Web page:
Keira, his Norfolk terrier, which has been sitting at my feet throughout our chat, is a fine example: ‘I can be downstairs performing a euthanasia and then I’ll come in here and Keira restores my sense of hope.’
I’d intended to ask him about the challenge of being a vet who’s become a presenter, but it’s clear he doesn’t see himself in that light at all. Viewers might know him as Supervet or Bionic Vet, but he says he couldn’t care less what he’s called.
‘What matters to me is what I do. Being in front of the camera is totally polarising – people think you want to be in the public eye – but my objective is to change the world. I can produce 300 scientific papers, but they’ll never be read by you, only by my fellow professionals. The amount of traction I get is limited, but if you can explain these things in layman’s terms, you can make a difference.
‘I called my book Listening to the Animals because I didn’t want to write some self-indulgent, backslapping affair, but to look at the world from an animal’s perspective. We have a haughty attitude to the ecosystem, but it belongs to animals as well as humans.’
He possesses genuine charisma and I can see how he appeals to youngsters, with his outsider quality and his idealism, directness and refreshing informality. He mentions being bullied at school and how, on the farm in childhood, he invented an imaginary character, Vet Man, who was a superhero to the animals.
I like the way his vision extends beyond better treatment of domestic pets to wild animals. He treated two hedgehogs in the week of our meeting, in the middle of a heatwave, brought over by the local wildlife trust. ‘Hedge-hog numbers are down 95% in recent years,’ he says, shaking his head, ‘and wildlife is taking a real hit in this heat, but you’re not hearing much about that in the news, are you?’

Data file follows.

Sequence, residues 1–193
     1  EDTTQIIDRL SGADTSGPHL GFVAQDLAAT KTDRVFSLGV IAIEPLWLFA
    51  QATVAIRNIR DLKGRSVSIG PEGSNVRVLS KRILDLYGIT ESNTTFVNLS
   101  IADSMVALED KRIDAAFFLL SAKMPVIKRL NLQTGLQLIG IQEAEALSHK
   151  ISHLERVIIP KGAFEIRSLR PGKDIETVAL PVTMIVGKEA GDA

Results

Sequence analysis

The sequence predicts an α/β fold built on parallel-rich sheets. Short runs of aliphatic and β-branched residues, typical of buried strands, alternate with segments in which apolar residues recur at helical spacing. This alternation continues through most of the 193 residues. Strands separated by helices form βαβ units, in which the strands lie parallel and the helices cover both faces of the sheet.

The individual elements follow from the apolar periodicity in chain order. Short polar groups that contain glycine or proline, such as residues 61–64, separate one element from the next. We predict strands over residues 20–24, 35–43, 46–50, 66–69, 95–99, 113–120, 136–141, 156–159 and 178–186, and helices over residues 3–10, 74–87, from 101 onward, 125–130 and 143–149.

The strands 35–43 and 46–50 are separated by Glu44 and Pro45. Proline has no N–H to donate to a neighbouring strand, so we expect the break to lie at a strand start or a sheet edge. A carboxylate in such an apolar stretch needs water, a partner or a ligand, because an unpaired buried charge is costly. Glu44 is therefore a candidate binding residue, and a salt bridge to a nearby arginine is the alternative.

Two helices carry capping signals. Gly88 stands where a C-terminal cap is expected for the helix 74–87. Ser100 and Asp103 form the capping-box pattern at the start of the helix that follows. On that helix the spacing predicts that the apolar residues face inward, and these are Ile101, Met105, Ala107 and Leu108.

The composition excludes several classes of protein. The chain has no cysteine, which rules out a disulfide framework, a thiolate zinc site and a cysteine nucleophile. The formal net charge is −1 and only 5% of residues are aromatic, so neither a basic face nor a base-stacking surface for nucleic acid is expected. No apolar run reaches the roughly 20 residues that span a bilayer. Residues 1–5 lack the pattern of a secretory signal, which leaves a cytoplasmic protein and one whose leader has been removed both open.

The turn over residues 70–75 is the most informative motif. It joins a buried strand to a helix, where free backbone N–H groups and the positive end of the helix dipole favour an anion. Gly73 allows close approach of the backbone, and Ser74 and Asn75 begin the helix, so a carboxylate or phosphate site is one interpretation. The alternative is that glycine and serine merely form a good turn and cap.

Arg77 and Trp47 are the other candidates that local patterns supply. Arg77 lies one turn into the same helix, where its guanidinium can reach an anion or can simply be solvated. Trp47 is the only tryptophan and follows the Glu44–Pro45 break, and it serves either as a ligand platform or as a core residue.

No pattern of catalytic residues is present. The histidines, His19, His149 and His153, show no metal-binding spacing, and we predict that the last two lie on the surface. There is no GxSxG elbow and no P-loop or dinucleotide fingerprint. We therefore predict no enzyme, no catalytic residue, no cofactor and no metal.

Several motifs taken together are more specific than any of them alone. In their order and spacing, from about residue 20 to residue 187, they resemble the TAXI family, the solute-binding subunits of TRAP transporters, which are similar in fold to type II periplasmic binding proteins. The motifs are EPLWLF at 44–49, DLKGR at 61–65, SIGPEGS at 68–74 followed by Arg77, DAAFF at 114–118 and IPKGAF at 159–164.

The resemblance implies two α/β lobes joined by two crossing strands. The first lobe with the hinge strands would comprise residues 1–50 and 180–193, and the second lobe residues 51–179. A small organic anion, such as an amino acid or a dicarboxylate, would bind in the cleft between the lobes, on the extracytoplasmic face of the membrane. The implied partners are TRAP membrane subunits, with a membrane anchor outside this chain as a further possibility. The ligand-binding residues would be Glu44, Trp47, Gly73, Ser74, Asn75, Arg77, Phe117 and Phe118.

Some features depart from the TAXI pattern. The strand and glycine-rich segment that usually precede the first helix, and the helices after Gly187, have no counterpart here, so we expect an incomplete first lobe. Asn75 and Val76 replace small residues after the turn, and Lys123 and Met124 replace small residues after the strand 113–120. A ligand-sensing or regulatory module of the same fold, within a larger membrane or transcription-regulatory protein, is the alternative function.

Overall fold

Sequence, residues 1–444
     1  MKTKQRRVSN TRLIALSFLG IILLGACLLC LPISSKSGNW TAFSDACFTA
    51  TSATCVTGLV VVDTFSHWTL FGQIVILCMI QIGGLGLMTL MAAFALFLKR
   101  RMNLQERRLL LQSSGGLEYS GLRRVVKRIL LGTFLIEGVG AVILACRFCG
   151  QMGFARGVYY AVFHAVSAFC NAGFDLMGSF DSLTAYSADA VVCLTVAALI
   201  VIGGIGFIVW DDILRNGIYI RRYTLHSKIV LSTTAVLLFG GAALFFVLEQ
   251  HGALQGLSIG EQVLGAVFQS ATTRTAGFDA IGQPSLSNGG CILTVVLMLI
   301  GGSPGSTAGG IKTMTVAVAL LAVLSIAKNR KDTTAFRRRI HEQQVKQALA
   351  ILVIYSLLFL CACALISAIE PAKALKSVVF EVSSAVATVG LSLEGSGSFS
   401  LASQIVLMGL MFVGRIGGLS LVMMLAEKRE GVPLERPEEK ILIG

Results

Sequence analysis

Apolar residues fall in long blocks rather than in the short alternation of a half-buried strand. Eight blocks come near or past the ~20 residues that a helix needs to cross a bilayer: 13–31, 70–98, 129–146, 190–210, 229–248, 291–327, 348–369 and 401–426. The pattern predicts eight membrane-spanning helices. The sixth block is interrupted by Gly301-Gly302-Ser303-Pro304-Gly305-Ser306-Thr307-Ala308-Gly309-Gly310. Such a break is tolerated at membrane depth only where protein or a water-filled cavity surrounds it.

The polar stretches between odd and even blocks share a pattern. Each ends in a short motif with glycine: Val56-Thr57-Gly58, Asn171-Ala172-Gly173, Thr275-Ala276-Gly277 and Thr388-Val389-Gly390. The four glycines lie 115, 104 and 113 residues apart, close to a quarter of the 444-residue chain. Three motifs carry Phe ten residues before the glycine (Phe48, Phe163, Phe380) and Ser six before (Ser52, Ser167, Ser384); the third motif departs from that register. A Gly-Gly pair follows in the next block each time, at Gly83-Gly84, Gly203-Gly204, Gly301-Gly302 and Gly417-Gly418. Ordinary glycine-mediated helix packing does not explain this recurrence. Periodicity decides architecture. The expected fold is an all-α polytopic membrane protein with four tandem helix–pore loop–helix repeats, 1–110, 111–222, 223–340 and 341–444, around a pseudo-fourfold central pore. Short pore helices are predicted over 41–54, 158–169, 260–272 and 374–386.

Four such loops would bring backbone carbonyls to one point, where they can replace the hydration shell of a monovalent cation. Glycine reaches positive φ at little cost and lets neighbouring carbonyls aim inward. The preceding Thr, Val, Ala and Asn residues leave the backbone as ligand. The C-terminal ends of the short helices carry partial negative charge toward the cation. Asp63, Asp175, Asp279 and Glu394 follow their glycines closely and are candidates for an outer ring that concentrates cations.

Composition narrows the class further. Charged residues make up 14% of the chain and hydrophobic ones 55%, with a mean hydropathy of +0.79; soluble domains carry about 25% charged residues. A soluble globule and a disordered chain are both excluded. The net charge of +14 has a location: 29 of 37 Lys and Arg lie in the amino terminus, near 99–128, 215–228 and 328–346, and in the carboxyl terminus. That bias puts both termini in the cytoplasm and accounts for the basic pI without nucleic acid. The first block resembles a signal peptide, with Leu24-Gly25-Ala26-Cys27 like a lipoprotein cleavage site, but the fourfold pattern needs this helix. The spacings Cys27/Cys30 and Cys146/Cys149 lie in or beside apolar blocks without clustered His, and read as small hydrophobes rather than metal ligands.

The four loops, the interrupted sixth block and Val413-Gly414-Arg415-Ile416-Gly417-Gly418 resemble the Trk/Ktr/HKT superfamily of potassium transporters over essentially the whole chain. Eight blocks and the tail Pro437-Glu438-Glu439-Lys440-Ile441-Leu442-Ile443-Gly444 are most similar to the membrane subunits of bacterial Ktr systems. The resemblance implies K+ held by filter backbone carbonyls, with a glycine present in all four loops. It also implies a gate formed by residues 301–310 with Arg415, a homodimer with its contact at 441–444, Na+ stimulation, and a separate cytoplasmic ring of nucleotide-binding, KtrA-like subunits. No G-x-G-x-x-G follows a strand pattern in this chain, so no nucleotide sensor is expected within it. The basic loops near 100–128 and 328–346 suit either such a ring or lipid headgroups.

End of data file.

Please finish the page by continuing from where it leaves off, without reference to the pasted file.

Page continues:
He’s convinced a new generation that’s more committed to the natural world is developing. I tell him I’ve seen archive footage of the inspirational naturalist Sir Peter Scott, speaking of his belief that we were evolving into Environ-mental Man. That film is 50 years old, but we still seem to treat Nature as if it’s a museum or art gallery, just something to do at the weekends.
‘Well, there won’t be any wildlife left in the gallery, the way things are going,’ he agrees, ‘but although my show is autobiographical, it’s everybody’s story. I want to get my message over to the guy in the audience who doesn’t want to be there, who’s only there because he drove the kids. Hopefully, I can do it with humour, because, in that way, you access the human soul.’
I hope he succeeds. Some animal people in the media tend to be mild souls, too quick to lapse into the sentimental. It’s time we had someone who’s willing to rattle a few cages.
The Welcome to My World tour will run from September 27 in Hull to November 25 at the 02, London. Click here for more details. ‘Listening to the Animals’ will be published by Orion on October 18 and a new series of The Supervet starts on September.